COLLEGEVILLE (AP) -- He's the man they call on to get the job done whether on the farm, with soon-to-be monks, in the chemistry department or now as head of the St. John's monastery.
Abbot John Klassen, self-labeled as "home grown" from rural Stearns County and known for his integrity, authenticity, faith and conviction, acted in a way no other abbot did before him.
He did what few Catholic leaders have done across the nation as the church has struggled with the clergy sex abuse scandal.
Just a year after becoming abbot, Klassen named names, met with survivors of sexual abuse, publicly apologized and settled with victims and families before some had even sued. In August, leaders and advisers of men's religious orders tapped him to share lessons learned, making him the first abbot to serve on their board since the 1980s.
As the spiritual leader of one of the two largest Benedictine communities in the world, Klassen is responsible for the monastic life and work assignments of 185 monks, as well as the community's spiritual and material well-being.
The 53-year-old brings to his position experience as a St. John's Preparatory and University student and teacher, priest, monastic formation director and Benedictine values instructor.
He gets strength from daily prayer, his monks and the extended St. John's community.
"Without sounding pious or theological, the Holy Spirit is at work with this," he said of the consuming task of addressing past clergy sexual abuse at St. John's.
"There will be a profound transformation that will come to this community and the church from this crisis," Klassen said.
Klassen learned how to work hard from a young age, when his mother needed his tall, lanky body to help her manage tasks on their family's dairy farm in Elrosa.
By age 6, he drove a tractor and plowed fields.
"John grew up under some really difficult times," said Mark Herickhoff, a childhood friend and neighbor to the Klassens.
"His family struggled and worked really hard to make a living. They weren't poor, but they weren't rich," he said. Klassen's labor was needed as his father suffered the effects of rheumatic fever.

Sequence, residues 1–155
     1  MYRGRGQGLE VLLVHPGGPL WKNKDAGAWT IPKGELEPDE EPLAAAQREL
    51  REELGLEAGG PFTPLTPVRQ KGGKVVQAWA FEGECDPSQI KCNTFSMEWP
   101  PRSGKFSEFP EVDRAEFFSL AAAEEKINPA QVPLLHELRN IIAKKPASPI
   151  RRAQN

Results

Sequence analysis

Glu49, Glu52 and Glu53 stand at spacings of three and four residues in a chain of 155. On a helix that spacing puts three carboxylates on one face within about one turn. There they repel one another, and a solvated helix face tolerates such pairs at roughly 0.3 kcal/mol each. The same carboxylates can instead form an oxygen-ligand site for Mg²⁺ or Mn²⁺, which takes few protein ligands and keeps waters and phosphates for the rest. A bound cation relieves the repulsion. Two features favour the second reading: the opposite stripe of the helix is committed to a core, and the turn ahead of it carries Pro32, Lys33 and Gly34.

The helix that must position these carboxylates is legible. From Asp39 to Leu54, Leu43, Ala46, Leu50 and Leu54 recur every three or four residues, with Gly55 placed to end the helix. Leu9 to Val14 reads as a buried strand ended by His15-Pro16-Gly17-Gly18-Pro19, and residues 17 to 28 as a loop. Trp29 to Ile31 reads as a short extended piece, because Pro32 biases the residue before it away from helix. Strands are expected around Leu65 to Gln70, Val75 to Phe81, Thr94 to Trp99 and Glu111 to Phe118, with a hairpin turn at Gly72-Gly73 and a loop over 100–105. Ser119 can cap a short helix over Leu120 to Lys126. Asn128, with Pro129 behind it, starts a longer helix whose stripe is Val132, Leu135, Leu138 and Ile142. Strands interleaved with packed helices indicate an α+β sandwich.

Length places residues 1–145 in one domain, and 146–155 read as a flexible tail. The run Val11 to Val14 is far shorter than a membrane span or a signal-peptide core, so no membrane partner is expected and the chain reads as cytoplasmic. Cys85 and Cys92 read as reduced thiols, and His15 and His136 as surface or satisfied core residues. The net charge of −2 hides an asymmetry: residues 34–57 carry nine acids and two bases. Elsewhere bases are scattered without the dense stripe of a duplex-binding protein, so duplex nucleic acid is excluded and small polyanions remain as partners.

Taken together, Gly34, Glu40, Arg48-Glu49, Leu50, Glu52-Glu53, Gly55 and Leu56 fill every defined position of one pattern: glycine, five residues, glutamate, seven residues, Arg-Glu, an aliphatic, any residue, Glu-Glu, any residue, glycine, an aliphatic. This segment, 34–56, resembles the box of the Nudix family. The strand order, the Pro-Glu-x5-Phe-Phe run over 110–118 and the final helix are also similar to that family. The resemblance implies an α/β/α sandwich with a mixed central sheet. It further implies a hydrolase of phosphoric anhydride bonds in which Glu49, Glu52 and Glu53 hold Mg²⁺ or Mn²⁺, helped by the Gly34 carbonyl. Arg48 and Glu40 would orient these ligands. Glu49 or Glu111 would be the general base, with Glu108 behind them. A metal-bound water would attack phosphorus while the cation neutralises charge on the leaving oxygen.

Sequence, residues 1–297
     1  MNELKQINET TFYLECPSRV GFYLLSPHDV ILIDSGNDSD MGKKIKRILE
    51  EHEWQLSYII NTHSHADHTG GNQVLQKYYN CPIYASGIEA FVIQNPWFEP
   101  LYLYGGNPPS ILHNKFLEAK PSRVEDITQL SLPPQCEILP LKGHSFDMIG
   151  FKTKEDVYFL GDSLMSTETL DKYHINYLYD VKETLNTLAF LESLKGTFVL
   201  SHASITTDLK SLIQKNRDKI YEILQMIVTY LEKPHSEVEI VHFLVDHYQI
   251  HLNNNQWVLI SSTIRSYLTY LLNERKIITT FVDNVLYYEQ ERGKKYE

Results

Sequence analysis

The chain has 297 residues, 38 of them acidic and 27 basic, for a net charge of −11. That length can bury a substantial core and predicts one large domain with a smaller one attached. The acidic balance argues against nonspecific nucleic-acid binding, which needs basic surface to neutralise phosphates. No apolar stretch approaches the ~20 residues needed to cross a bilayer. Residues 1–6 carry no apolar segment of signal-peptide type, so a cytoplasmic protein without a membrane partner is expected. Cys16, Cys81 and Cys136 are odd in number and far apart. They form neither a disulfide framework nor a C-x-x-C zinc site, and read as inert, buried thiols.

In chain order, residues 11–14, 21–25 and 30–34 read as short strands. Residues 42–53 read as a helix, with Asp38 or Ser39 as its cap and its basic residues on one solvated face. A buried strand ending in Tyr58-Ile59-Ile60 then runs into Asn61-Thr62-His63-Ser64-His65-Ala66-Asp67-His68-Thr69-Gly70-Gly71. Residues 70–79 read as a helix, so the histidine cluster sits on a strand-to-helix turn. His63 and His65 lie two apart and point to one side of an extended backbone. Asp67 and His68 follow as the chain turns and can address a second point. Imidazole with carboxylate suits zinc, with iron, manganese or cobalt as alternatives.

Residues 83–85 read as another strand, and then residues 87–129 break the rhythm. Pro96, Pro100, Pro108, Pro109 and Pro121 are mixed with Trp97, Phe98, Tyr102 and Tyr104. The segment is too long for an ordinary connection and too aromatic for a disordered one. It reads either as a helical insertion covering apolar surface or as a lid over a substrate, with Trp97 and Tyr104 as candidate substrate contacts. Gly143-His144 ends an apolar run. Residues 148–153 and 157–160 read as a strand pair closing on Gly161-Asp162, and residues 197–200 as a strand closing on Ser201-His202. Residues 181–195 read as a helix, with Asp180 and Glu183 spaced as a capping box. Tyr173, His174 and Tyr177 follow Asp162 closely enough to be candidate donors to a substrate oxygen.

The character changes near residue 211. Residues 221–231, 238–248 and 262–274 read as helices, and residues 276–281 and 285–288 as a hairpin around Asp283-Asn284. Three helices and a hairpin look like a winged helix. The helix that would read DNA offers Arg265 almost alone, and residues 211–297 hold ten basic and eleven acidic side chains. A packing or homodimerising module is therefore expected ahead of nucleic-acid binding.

"I think John learned compassion for people having difficulties at a very young age," Herickhoff said.
The long work hours often caused Klassen to miss class at the parochial school the two attended, a challenge Klassen overcame with smarts, he said. But they also enjoyed bicycling, playing softball, eating Popsicles, hunting pheasant (or shooting porcelain insulators off a neighbor's electric fence) and serving as altar boys.
Around the time Klassen was first stretching to reach the tractor pedals, he came to understand what would shape him: He professed intentions for the priesthood.
Klassen's parents trusted his vision, sacrificing his farm labor and sending him to St. John's Preparatory School to pursue his dream.
Years later, when his community elected him its 10th abbot, Klassen said his rural roots had shaped him. Despite years of feeling shy and uncertain, Klassen said he never doubted that his parents would pick up him and his siblings after school.
Amid this environment of stability, durability and "utter ordinariness," he learned human relationships were to be trusted.
Klassen's homilies make an impression.
He doesn't belabor his points. Each metaphor of chemistry or farming is intentional, simple and memorable. He steps from behind the lectern to give his body and message more room.
The Rev. Columba Stewart, someone Klassen names as a mentor, described the abbot's preaching ability: "You have the sense that you are listening to a real person that takes it from his head and runs it through his heart, and that's enduring and distinctive."
Stewart serves as the abbey's formation director, succeeding Klassen after the abbot left the job in 1999. The abbot later said that the decisions required of this role -- especially telling a monk in training that he'd chosen the wrong path -- were some of the most difficult he faced, until this spring.
Klassen succeeded as formation director and making these tough decisions because he creates empathy and trust, Stewart said. "There's no pretense, no guile ... what you see is what you get."
To stay grounded, Klassen said he prays. But he also finds comfort hauling dirt, pulling weeds and nurturing bright annuals in an 8-by-12-foot garden he set aside on the monastic grounds.
"He talks about having one place where he can put his hands back in the earth," Stewart said. "You can see him there and he looks really happy."
If an instrument broke in the chemistry department, "we'd call on John before we'd call the repair person," said Sister Carleen Schomer, who worked with him at the university since 1983.
Students knew when they could go to Klassen with questions and be nurtured toward answers rather than knocked down for errors, she said. After graduation, many asked him to serve at their weddings.
Bernie Kunkel, a St. John's alumnus and college friend, said he saw Klassen's ability to fix things earlier in the abbot's life.
Students gathered around the abbot during his college years because of his ability to listen deeply, he said. It's no surprise to Kunkel that one of Klassen's dreams for a new abbey guest house -- placed on hold this spring -- is another way to exchange ideas.
During the long hours of college debate, Klassen brought "the voice of reason," Kunkel said. He solved problems then as he does now, using his no-nonsense approach and saying: "We're making a big deal of this ... let's just do it and make it better."